OAKLAND -- This is going to sound familiar: BART unions late Tuesday said they would keep service running Wednesday while they continued to talk, another temporary reprieve for frustrated commuters suffering from deadline fatigue.
What's more, it seemed likely that Gov. Jerry Brown would step in to keep AC Transit buses rolling, at least for a while.
Before the BART talks restarted early Tuesday afternoon, union leaders had hinted they might halt service Wednesday without a deal. After 10 p.m., however, unions called off their strike threat.
"There will be train service operating all day" Wednesday, federal mediator George Cohen said. He added that both sides had made progress Tuesday but declined to comment further.
Management and union leaders representing 2,300 line-level employees ended another lengthy bargaining session around 12:30 a.m. and were scheduled to restart negotiations at 10 a.m. Wednesday. It was not clear whether the unions would threaten to strike on Thursday or later.
"The odds are very strong that they will keep talking past midnight" into Wednesday morning, BART spokeswoman Alicia Trost said Tuesday evening outside a Caltrans office in downtown Oakland where the talks are being held. "A lot of progress has been made, but there still is a lot to be worked out."
The two sides were fighting over pay raises and other issues with the assistance of the federal government's top mediator, Cohen, who has overseen labor disputes at the NBA, NFL and FAA and joined the BART talks Sunday.
"We believe that the mediator is making a difference in negotiations," the local Amalgamated Transit Union said in a statement late Tuesday night.
A gag order was still in place but BART, after submitting its final offer Sunday, was considering a counterproposal offered by unions Monday.
"I know the riding public would like to know what's going on and we're working very hard so that we can get a deal done," said Josie Mooney, the SEIU's chief negotiator.
After both sides missed their deadline Monday night, they talked until 5:30 a.m. In the wee hours, unions agreed to keep train service intact for at least all day Tuesday.
Tuesday night's deadline was the fourth late-night showdown in less than a week and the seventh in the past 3½ months. Commuters were showing signs of exhaustion.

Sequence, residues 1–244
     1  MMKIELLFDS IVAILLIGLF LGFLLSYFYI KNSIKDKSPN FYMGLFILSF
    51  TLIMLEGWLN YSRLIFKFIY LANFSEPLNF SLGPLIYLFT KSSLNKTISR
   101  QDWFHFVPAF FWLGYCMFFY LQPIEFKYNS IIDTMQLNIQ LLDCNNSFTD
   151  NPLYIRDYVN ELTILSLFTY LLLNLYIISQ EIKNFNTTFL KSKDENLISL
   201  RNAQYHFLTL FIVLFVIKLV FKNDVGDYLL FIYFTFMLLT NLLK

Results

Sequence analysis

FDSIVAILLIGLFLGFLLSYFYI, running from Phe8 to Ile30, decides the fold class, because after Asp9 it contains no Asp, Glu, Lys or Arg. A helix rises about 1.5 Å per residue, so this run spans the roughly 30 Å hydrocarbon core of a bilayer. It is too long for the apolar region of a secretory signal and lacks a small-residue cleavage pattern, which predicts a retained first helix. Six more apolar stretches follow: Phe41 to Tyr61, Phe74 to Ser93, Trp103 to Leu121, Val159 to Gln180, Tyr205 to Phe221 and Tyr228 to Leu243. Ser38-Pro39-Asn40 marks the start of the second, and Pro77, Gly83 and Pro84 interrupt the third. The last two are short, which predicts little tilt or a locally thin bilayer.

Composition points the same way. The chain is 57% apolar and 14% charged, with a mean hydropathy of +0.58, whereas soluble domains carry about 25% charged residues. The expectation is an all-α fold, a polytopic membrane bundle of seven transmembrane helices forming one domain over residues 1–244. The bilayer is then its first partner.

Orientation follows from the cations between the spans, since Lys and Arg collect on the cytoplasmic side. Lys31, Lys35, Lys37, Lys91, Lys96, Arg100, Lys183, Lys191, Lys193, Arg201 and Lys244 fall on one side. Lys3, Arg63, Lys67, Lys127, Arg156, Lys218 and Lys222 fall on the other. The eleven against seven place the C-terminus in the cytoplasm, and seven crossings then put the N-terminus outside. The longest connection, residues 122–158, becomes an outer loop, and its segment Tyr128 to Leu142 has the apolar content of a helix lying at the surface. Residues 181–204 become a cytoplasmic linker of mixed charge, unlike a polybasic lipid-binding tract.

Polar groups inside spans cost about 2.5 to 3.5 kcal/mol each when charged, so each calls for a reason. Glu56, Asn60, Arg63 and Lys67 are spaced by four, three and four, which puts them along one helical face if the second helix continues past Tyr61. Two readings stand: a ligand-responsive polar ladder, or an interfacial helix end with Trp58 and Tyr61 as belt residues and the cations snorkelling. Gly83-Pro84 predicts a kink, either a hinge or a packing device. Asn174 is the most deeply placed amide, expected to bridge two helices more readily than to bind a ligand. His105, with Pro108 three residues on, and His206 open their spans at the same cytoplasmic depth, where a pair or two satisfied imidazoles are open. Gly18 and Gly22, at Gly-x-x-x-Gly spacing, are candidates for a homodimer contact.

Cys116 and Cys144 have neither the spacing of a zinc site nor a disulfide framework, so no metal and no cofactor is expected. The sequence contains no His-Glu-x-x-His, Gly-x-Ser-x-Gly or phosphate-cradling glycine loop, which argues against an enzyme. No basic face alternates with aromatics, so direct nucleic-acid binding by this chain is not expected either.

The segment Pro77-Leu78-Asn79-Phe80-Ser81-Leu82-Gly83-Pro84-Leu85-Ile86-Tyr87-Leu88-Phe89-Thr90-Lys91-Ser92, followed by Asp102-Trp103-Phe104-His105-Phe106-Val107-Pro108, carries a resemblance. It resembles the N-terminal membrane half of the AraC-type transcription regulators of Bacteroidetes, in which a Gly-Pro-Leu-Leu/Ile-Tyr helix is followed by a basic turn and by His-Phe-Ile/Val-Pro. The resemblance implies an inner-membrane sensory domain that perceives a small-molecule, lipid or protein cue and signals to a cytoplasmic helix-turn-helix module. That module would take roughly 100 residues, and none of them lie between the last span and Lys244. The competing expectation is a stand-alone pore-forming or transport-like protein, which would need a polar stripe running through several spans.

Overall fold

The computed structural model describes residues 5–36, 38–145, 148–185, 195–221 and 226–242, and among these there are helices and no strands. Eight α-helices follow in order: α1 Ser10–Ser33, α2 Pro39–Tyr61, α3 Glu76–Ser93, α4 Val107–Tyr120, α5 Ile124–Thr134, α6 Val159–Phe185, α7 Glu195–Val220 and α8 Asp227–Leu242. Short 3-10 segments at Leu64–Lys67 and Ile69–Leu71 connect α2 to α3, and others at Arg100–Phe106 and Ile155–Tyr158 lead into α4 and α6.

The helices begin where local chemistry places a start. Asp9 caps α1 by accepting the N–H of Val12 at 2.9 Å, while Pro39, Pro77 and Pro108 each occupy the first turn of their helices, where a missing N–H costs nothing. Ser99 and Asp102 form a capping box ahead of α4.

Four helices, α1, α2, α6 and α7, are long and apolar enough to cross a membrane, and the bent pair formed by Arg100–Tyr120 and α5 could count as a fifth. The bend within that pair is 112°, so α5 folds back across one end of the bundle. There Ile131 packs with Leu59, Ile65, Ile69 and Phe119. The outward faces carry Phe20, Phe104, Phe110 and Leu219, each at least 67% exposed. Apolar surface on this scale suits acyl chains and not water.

Andrew Moore, who lives in Antioch and takes BART to his job in San Francisco, said it was "ridiculous" that commuters have to wait until the middle of the night before knowing if there will be a strike.
"A lot of people stayed up (late) and didn't know" trains would be running, Moore said as he waited for a Tri Delta Transit express bus to the Pittsburg-Bay Point BART station. "They should have a deadline earlier in the day so people can plan."
Arun Mudgil, another Antioch-to-San Francisco BART commuter, stayed up until 2 a.m. Tuesday before learning that BART would be running: "I'm frustrated," he said.
Many people are already giving up. Following the last three late-night strike deadlines, about 23,400 fewer people than usual rode BART round trip from Friday through Tuesday morning. That's a drop of about 5 percent. BART lost about $168,000 in fare revenue as a result.
Also weary were law students Ethan Niedermeyer, 26, and John Rosenthal, 24: "This is very inconvenient," said Niedermeyer, a San Francisco resident who takes BART to work in Oakland. "I'm not happy about this. I'd love to be making that kind of money," he said, referring to BART workers' average gross pay of $76,500, the highest among California transit agencies.
But Fatima Dembele, 25, an employee at a downtown Oakland bakery, said they have a lot of customers that work at BART and opinions there were split.
"We know them by name, we know their families," Dembele said. "But at the same time a lot of our customers are BART riders. We want them to be able to get to work and not have to worry about driving or getting on the bus."
BART was sympathetic to commuters.
"The public deserves to know before midnight if the trains will run next morning," Trost said.
Unions had already delayed strike decisions on Thursday, Sunday and Monday nights. The drama over the last week followed a 4½-day walkout in July and two strikes that were averted when Brown stepped in during August.
AC Transit cooling-off?
Meanwhile, AC Transit belatedly revealed Tuesday that it had asked Brown for a 60-day cooling-off period to delay a strike threatened by bus drivers for Thursday.
The bus line's board of directors had sent the request a week prior, on Oct. 8, but waited to announce it until Tuesday, a day after union workers formally issued a 72-hour strike notice. That had left 100,000 people who ride the bus line round trip each day in the dark for 24 hours while AC Transit had declined to comment.
Brown's office was still reviewing the request Tuesday. A cooling-off would begin with a weeklong strike ban while Brown appoints a panel to investigate the talks, and then a judge could bar a shutdown for two more months. That process is considered routine.
More than 1,600 union members twice voted down tentative agreements this year, as management and workers continue to fight over pay increases, health care contributions and other issues.
No negotiations have taken place in the past three weeks but the agency is "ready and willing" to return to the table, AC Transit spokesman Clarence Johnson said Tuesday.
"It's certainly not a good time for" a strike, Johnson said. "If BART is out and we are as well, it would be catastrophic."
Staff writers Natalie Neysa Alund, Denis Cuff, Matthias Gafni, Eve Mitchell and Gary Peterson contributed to this report. Contact Mike Rosenberg at 408-920-5705. Follow him at twitter.com/RosenbergMerc.